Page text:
The Heartbreaking Reason Girls and Women Avoid Drinking Water During India's Heatwaves
They intentionally dehydrate themselves.
As intense heatwaves grip many parts of the world, it’s hard to imagine why someone might deliberately avoid drinking water — but that’s exactly what some women and girls are doing in India.
Across the world, 2.3 billion people don’t have access to basic sanitation, and almost 892 million people still practice open defecation — about 600 million of whom live in India, according to the World Health Organization (WHO).
Open defecation puts women and girls at risk, as finding hidden places to defecate increases their chance of rape and attack. It also makes managing menstruation difficult and it perpetuates a cycle of poverty.
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So girls and women avoid drinking and eating so they can avoid having to urinate or defecate.
"Sometimes, I drink less water because the spot we use to go to the toilet in the open is filled with notorious boys. I am afraid to go there," a 13-year-old in Delhi, India, told the BBC.
The young woman only visits the spot once a day with other women early in the morning or late in the evening.
"They intentionally dehydrate themselves — and this can have serious effects if it's really hot or if there is a heatwave," Gulrez Shah Azhar, a researcher at nonprofit Rand Corporation, told BBC.
Azhar said that women were much more likely to die from a heatwave after studying a heatwave in the western city of Ahmedabad in 2010.
He explained that women who stay indoors face less of a risk during a heatwave, but lack of basic sanitation, unreliable cooling systems like ceiling fans, indoor cooking, and traditional Indian attire for women can still cause severe heating issues for women inside.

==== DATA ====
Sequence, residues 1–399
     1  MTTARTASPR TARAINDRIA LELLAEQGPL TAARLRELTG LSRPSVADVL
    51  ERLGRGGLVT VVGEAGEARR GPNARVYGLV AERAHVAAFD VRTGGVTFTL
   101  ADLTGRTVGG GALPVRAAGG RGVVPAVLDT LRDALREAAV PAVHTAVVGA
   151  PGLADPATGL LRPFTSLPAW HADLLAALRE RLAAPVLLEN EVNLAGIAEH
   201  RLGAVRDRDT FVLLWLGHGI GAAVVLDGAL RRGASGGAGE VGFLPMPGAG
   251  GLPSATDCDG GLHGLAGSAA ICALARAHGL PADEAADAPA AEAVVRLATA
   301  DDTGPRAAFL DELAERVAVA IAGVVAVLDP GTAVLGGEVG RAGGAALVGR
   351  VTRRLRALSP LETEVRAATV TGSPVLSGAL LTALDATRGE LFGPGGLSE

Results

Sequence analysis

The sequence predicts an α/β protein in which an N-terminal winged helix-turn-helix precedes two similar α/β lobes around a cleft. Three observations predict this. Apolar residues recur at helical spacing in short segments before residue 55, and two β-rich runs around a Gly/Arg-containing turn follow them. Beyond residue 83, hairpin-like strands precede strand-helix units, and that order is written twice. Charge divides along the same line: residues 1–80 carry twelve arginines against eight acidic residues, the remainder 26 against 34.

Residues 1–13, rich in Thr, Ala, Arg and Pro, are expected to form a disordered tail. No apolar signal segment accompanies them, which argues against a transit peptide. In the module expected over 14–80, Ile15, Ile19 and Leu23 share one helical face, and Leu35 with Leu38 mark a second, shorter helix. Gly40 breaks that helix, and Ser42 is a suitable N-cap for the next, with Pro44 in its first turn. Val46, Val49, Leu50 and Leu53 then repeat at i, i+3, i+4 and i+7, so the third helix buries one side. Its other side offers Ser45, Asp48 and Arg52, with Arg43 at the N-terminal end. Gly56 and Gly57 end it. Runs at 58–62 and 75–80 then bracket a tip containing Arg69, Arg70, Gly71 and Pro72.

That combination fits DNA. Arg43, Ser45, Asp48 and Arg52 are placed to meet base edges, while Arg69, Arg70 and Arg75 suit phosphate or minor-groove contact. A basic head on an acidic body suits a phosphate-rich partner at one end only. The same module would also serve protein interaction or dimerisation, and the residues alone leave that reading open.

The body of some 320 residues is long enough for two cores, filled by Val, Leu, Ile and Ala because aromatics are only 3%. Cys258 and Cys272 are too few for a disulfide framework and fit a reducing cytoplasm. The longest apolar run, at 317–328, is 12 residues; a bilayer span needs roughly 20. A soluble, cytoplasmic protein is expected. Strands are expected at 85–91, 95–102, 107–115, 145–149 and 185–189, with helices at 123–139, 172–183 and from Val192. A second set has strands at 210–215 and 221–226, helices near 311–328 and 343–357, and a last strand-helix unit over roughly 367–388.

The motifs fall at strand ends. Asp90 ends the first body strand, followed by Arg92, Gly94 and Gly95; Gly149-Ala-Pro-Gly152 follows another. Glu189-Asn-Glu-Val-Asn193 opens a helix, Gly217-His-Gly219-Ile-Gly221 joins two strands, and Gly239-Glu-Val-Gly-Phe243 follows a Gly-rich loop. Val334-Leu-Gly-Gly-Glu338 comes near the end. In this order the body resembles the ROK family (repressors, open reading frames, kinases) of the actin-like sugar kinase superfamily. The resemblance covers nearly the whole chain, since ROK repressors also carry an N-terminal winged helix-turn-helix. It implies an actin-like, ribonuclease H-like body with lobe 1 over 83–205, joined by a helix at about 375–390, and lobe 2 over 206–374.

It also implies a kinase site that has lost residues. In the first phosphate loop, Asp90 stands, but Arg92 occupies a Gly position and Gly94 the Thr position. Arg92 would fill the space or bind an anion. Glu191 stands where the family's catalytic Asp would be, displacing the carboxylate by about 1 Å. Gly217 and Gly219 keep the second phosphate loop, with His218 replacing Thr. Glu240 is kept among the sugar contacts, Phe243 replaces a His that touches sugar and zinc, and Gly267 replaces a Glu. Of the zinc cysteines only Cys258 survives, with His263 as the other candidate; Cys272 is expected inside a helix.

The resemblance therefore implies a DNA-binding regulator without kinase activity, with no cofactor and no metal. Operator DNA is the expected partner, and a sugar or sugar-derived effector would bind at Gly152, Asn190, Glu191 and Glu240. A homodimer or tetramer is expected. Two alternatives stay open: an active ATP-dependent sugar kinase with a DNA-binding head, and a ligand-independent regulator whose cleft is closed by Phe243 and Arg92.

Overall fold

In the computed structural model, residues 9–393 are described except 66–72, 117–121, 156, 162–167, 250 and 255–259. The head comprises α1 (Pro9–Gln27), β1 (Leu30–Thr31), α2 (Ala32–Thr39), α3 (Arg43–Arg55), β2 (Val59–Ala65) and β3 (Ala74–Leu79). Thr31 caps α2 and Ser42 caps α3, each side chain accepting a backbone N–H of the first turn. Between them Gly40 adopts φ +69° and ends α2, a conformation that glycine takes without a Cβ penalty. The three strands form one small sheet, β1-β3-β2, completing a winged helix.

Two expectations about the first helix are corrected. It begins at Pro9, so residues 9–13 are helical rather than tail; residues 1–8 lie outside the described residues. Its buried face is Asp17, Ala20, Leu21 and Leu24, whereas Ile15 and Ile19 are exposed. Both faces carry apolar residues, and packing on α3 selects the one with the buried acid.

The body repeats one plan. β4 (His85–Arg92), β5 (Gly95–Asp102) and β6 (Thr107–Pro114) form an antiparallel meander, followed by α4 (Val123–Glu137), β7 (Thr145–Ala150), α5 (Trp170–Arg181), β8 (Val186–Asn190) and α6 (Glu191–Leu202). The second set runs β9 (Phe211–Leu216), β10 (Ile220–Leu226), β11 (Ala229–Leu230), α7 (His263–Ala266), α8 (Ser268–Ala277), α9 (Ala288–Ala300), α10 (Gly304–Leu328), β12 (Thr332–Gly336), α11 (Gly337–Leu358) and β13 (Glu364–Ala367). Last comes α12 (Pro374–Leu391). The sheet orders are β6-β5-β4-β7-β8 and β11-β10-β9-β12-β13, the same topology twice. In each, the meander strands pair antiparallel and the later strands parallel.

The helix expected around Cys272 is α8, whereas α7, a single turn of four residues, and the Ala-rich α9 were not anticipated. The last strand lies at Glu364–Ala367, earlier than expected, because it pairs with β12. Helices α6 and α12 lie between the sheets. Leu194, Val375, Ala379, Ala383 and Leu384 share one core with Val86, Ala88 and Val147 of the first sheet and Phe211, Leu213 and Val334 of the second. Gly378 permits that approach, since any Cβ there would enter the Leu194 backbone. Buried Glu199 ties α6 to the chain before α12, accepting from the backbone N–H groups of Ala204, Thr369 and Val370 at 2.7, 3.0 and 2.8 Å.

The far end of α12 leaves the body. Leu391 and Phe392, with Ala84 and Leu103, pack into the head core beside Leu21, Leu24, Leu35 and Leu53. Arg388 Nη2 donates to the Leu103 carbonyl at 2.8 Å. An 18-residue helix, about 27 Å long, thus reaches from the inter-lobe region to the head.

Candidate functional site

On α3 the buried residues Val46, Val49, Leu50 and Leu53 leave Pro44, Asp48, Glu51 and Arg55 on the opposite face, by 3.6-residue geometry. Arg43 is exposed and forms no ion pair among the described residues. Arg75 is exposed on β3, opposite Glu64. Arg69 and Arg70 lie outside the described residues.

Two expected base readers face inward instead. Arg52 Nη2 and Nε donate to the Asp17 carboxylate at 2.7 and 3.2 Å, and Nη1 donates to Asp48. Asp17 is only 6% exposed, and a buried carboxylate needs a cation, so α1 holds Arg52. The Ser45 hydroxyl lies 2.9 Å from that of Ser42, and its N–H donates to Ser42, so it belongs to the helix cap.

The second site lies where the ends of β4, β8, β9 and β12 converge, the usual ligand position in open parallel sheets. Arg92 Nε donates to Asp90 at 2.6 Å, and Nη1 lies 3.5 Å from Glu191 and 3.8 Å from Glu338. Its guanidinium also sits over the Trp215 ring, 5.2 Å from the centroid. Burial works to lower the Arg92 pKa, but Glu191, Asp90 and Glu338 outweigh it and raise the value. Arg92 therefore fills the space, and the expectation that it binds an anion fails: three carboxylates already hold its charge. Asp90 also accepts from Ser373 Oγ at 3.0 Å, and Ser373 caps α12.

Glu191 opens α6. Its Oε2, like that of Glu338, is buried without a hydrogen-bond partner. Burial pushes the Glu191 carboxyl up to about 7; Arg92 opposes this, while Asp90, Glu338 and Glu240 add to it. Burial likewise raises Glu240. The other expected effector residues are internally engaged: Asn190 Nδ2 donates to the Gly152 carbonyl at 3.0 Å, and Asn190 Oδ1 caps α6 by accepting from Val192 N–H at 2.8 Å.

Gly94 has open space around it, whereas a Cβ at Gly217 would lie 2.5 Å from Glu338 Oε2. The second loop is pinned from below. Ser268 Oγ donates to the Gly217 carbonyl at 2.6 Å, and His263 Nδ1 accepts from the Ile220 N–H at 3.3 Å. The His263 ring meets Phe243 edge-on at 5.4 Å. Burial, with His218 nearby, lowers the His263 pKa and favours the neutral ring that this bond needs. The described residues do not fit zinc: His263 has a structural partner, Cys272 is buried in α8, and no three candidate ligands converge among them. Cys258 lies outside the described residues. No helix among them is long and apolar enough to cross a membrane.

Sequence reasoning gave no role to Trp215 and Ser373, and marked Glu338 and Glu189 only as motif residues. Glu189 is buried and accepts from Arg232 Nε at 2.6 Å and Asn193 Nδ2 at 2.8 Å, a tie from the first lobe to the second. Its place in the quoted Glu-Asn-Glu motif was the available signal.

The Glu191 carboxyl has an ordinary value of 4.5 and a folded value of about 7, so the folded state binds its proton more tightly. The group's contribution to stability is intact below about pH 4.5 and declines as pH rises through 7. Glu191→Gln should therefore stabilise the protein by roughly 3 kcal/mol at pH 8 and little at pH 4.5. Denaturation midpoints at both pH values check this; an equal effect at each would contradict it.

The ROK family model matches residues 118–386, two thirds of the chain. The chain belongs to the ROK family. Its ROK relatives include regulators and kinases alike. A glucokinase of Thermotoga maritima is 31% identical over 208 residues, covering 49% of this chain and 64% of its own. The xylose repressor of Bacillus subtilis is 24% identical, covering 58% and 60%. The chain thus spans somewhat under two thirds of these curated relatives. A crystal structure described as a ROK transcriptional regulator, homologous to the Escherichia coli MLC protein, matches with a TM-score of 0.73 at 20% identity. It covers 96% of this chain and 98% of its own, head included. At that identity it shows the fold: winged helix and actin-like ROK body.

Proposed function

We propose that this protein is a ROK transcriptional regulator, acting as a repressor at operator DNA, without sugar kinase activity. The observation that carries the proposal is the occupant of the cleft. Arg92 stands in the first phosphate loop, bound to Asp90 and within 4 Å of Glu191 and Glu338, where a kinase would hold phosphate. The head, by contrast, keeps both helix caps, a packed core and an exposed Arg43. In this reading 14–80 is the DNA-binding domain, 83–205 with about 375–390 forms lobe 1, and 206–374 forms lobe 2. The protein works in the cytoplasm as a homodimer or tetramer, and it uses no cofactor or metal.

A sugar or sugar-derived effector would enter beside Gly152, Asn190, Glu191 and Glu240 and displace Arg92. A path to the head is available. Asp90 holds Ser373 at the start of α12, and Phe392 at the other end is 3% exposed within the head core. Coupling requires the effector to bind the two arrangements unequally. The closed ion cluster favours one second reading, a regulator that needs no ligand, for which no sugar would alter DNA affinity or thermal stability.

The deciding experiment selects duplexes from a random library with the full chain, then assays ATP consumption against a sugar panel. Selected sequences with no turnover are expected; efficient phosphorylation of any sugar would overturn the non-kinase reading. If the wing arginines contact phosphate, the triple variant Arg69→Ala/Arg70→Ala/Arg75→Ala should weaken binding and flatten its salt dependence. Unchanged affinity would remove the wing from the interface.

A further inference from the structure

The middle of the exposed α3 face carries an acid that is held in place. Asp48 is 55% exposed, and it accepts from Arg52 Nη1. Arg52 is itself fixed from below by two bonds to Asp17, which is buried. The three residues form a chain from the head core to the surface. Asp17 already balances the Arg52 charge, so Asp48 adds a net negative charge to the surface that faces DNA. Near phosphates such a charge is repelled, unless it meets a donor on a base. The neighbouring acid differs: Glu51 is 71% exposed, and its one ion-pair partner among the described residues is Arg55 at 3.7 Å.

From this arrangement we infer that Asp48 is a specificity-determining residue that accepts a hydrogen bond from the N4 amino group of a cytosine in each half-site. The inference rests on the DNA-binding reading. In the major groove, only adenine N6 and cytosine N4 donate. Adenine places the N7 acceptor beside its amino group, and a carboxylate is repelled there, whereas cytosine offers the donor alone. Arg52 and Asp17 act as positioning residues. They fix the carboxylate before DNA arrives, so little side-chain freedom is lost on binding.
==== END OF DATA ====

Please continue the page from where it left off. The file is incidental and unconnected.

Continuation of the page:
Women in Ahmedabad are also often tasked with domestic duties.
"It gets difficult to use the toilet. We wait for the men to go first," Damini Rameshbhai Marwadi told the BBC. "As women, we must first complete the household work. During the summer, I ended up getting jaundice because I was restricting myself."
Azhar pointed out "a culture of silence that surrounds women's sanitation issues that leads to death."
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He noted that dealing with equality issues and women’s rights would be a long-term solution.
Researchers have warned that heatwaves could eventually become so extreme in South Asia that some regions would be too hot for human survival. India, Pakistan, and Bangladesh would be the worst affected, according to the scientists.
Needless to say, it is not feasible for women and girls to continue to restrict their water and food intake.
Open defecation is a leading contributor to the spread of fatal diseases, malnutrition, missed school days, gender disparity, environmental contamination, and the perpetuation of extreme poverty.
Ending this practice means prioritizing handwashing, education and behavior change programming, as well as waste treatment systems through financial resourcing and political will.
"But access to an indoor toilet and clean drinking water remains paramount," Azhar told BBC.